We called them Flying Saucers but others say they are Satellite Wafers. Either way they are colored wafers filled with tasty little candy balls of various colors.
Satellite Wafers History
Satellite Wafers, also known as Flying Saucers or UFOs, are a nostalgic candy that consists of colorful wafer shells filled with tiny candy beads. Here's a brief history of Satellite Wafers candy:
Satellite Wafers were first introduced in the mid-20th century, specifically around the 1950s. The exact origins and the original manufacturer of Satellite Wafers are not widely documented, but the candy quickly gained popularity and became a beloved treat among children and candy enthusiasts.
The candy's distinctive shape and name, resembling flying saucers or UFOs, were likely inspired by the fascination with space exploration and science fiction during that era. The round, disc-like shape of the wafer shells contributed to the candy's whimsical and playful appeal.
Satellite Wafers are typically made by pressing and baking thin, edible wafers into round shapes. These wafer shells are then filled with tiny, colorful candy beads, which are usually flavored with fruit or sour flavors. The beads provide a burst of flavor and a crunchy texture when consumed along with the wafer.
The combination of the crisp, delicate wafers and the sweet and crunchy candy beads made Satellite Wafers a unique and enjoyable candy experience.
Over time, Satellite Wafers became a popular treat in various candy shops, amusement parks, and novelty stores. They were often sold in individual packs or in bulk, allowing customers to enjoy multiple wafers at once.
Although Satellite Wafers experienced a decline in popularity in the late 20th century, they continue to be a nostalgic candy that evokes memories of childhood for many people. The candy has seen a resurgence in recent years, thanks to the appreciation for retro and vintage treats.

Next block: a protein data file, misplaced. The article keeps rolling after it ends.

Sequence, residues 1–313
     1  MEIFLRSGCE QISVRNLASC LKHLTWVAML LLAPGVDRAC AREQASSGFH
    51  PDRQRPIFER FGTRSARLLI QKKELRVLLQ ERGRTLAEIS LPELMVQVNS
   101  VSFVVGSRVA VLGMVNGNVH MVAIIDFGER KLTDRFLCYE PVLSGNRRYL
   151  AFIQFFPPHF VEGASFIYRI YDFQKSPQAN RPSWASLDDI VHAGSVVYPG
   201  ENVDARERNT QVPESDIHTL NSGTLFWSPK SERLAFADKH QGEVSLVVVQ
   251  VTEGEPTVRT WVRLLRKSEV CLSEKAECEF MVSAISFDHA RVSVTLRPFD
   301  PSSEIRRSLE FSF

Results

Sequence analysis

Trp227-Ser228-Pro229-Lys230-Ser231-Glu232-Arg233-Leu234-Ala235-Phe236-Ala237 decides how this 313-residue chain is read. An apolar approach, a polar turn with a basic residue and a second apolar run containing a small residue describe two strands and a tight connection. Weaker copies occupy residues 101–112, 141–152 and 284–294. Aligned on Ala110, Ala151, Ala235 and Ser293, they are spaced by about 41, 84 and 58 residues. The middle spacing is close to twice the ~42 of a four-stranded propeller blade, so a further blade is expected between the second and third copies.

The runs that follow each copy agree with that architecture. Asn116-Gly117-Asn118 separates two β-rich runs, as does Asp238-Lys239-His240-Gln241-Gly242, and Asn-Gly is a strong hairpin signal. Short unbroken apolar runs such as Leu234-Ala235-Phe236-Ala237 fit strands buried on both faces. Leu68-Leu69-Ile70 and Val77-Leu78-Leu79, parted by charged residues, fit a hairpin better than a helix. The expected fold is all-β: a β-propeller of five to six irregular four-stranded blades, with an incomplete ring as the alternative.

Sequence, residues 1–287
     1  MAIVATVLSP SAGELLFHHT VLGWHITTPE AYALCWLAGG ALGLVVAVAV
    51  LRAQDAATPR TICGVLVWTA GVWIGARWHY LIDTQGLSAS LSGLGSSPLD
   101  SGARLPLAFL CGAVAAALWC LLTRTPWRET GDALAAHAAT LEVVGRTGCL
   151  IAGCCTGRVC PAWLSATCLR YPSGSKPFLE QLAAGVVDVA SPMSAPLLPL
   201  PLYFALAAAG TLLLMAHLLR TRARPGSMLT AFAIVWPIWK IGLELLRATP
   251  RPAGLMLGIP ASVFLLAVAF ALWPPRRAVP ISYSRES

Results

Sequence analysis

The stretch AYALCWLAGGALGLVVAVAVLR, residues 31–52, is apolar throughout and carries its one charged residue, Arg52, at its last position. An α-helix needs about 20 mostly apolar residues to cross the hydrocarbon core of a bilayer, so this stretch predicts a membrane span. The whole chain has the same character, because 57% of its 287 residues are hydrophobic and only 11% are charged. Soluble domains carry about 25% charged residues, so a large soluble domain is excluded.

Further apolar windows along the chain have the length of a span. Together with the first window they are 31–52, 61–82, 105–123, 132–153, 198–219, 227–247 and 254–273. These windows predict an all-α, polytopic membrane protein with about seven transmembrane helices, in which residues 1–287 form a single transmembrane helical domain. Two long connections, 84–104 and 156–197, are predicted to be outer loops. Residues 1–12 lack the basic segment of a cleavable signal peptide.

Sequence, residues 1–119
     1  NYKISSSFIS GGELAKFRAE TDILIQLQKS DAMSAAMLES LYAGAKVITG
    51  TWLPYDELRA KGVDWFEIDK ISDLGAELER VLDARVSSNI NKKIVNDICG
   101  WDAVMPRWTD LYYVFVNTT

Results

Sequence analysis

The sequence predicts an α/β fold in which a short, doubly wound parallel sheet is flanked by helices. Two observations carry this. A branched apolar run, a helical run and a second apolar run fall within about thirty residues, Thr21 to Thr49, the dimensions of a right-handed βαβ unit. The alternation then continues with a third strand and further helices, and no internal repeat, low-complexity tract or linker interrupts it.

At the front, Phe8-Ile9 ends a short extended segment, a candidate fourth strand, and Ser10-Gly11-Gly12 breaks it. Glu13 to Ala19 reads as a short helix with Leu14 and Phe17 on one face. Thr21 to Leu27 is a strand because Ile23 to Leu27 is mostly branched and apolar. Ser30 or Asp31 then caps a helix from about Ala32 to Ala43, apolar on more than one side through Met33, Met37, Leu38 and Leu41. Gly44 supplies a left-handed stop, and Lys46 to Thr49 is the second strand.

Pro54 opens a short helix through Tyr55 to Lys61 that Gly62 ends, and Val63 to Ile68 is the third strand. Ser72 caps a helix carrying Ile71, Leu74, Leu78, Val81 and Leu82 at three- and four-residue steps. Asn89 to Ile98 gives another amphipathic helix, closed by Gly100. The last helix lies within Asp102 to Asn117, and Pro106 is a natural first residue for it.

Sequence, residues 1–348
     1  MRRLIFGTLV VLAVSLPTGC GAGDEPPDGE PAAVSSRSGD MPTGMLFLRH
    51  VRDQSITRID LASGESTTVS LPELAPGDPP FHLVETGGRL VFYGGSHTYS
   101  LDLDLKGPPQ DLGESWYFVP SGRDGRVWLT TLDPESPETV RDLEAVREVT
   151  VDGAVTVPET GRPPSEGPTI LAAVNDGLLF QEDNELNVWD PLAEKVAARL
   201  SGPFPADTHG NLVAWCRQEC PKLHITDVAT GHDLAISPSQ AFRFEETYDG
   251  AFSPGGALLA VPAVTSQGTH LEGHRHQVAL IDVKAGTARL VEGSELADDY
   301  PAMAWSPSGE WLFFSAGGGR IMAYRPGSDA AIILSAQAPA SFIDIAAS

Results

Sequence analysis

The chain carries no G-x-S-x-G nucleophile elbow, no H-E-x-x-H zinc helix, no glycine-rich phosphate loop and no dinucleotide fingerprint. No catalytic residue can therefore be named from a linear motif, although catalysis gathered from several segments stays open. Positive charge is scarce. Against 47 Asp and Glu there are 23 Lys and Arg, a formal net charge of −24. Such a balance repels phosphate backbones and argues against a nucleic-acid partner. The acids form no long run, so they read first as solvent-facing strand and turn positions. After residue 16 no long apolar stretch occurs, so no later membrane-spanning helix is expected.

Today, Satellite Wafers can still be found in select candy stores, specialty shops, and online retailers. They are often enjoyed as a whimsical and nostalgic candy that offers a fun and unique taste experience.
The history of Satellite Wafers highlights their association with a sense of wonder, space exploration, and the enjoyment of a colorful and crunchy candy treat.
Satellite Wafers Memories
My memory is about flying saucer, or satellite wafer candy. My earliest memory of flying saucers were going to my doctors' when I was four, he would give me satellite wafers every time I saw him. Back then, he even made house calls.
I remember one time watching him walk down our side walk with his black leather bag. I had giant hives on my knees, what a super visit it was!! I got flying saucers, and purple candy syrup! better known as Dimeatap. As I got older, my grandfather would take my sister and I to a penny candy store in Etna Pa. I would fill my bag with flying saucers and a few candy lipsticks.
As I got older we moved to Mars, Pa. and I continued my "need" for flying saucers. I found a miniature golf course right beside my high school that sold them! Now, I am 42 years old and have 4 sons, one who also acquired my addiction to flying saucers! I can't explain the attraction to them. Maybe the sense of comfort that I felt given from the doctor? also the idea of a candy and a toy put together? maybe the different ritual I go through... sometimes letting them melt on my tongue, or biting the edge all the way around before eating the whole thing! or even splitting them open and eating the candy beads first.
Whatever the reason, I STILL, at age 42 NEED to have flying saucers on occasion and fill a bag and usually eat them all in one sitting! They're so cool!!! ~ Lucy from Pennsylvania
We used to get these at a small store near where my grandparents lived. Growing up as Catholics, we couldn't wait to make our First Communion, we would play "Church" and we used the satellite wafers so we could go to "communion". As we each made our First Communion, we would remember the time that we played church and how we used the Satellite wafers. Now days we order a box of the wafers, divide them up between us and fondly remember what we used them for. ~Cathy from Missouri
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